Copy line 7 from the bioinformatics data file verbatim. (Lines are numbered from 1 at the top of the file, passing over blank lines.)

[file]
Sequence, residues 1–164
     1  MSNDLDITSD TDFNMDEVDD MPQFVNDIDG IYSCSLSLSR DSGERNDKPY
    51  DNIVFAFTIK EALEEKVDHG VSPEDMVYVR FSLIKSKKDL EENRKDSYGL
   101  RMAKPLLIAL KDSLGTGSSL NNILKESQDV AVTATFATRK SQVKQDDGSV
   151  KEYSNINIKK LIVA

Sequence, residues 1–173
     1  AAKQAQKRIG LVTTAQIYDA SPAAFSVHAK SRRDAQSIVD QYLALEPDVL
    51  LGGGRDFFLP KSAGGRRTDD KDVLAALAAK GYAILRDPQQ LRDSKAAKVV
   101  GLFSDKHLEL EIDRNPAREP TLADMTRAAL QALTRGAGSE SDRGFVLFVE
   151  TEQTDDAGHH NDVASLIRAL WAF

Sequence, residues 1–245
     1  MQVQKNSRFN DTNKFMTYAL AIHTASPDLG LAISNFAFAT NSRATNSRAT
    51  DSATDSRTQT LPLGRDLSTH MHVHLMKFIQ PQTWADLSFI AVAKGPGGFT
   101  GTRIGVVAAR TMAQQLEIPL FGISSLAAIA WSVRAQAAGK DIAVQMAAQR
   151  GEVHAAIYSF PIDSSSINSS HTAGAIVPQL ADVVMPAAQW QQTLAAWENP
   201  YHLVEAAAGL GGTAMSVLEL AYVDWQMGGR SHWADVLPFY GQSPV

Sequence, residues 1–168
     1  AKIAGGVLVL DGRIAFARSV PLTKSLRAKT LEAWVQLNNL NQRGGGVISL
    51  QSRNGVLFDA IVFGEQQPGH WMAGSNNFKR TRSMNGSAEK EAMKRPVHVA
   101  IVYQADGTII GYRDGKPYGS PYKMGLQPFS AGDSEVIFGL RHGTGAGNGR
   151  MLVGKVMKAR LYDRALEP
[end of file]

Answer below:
     1  AAKQAQKRIG LVTTAQIYDA SPAAFSVHAK SRRDAQSIVD QYLALEPDVL